Biobanking

Elaine - Interview 04

Female
Age at interview: 49

Brief outline: Elaine has taken part as a healthy volunteer in several diabetes and metabolism research studies, where she has given blood and tissue samples. Healthy volunteers help researchers understand how influences such as diet and weight interact with our genes.

Background: works as a healthcare assistant. She is married with two sons aged 17 and 22. Ethnic background' white British.

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Elaine was first approached several years ago, when her GP surgery sent her a letter asking if she’d take part in a diabetes research study as a healthy volunteer. Elaine has taken part as a healthy volunteer in several diabetes and metabolism research studies, where she has given blood and tissue samples. Healthy volunteers help researchers understand more about how environmental influences such as diet and weight interact with our genes.  This will help to develop a better understanding of why some people are more susceptible to diabetes, heart disease and obesity than others and in the development of future treatments.

 
The first study involved having her height and weight measured, and giving a blood sample. It seemed like a small commitment so she agreed to take part. Now that she is on the clinic’s list of volunteers she is often asked to take part in further studies. Sometimes she has to eat no food before arriving at the clinic and then staff test her blood at regular intervals, including after giving her food or sugary drinks. Elaine quite enjoys going along – once the needle is set up for taking blood samples, she gets to relax with a magazine, and finds it quite restful. She has also got to know the research nurses well over the years, and enjoys seeing them and chatting to them. They have always been extremely helpful and given her all the information she needs so she trusts them.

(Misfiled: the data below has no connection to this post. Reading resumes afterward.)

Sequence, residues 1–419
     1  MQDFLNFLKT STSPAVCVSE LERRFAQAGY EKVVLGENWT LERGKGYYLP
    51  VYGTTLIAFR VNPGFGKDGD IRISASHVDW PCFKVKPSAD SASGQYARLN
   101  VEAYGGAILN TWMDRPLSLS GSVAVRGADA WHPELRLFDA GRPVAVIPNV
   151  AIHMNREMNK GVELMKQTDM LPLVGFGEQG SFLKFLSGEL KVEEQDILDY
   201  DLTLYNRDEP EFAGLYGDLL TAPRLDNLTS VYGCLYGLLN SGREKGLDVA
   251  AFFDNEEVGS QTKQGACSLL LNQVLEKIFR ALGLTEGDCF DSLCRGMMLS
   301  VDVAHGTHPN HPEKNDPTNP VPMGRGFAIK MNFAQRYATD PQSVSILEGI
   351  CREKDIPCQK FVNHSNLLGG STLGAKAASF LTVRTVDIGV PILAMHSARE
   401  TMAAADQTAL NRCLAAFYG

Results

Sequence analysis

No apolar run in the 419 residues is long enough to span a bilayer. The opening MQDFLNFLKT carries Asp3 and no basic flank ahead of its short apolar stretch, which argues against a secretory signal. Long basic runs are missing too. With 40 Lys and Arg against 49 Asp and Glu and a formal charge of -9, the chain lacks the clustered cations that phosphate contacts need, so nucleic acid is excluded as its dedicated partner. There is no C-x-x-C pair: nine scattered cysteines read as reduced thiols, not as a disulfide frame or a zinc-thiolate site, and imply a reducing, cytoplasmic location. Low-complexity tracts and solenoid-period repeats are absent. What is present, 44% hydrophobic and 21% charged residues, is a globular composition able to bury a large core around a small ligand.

As time has gone by Elaine has taken part in some studies that have been a bit more invasive. One involved having a sample of fatty tissue taken from her abdomen and thigh, but she was given a local anaesthetic and it really did not hurt. More recently, staff wanted a blood sample for an artery in her leg, and it proved difficult to get the needle in so they had to stop. She was left with a very large and rather sore bruise. This has put her off a little bit, but overall it was not very distressing and she still thinks she will go back another time. The doctor involved in that study gave her his phone number in case she had any more problems, which impressed her.
 
Although she is paid a small amount for taking part, that is not why she does it, and at first she tried to refuse payment. Now she sometimes gives it to charity instead. She does it because she feels it’s important to contribute and this is something she does not find too difficult. Other people might want to run a marathon for charity but she prefers helping with research. The fact that there is diabetes on her husband’s side of the family may also have influenced her. She feels the risks in this kind of research are low and minor, but she would feel differently about taking part in, say, a drug trial because of the risk of side effects. She declined to take part in the UK Biobank study mainly because the appointments were inconvenient. Elaine encourages others who are thinking about it to go along and find out more. You can always say no, and researchers would rather you went along to ask than that you did not go at all.
 

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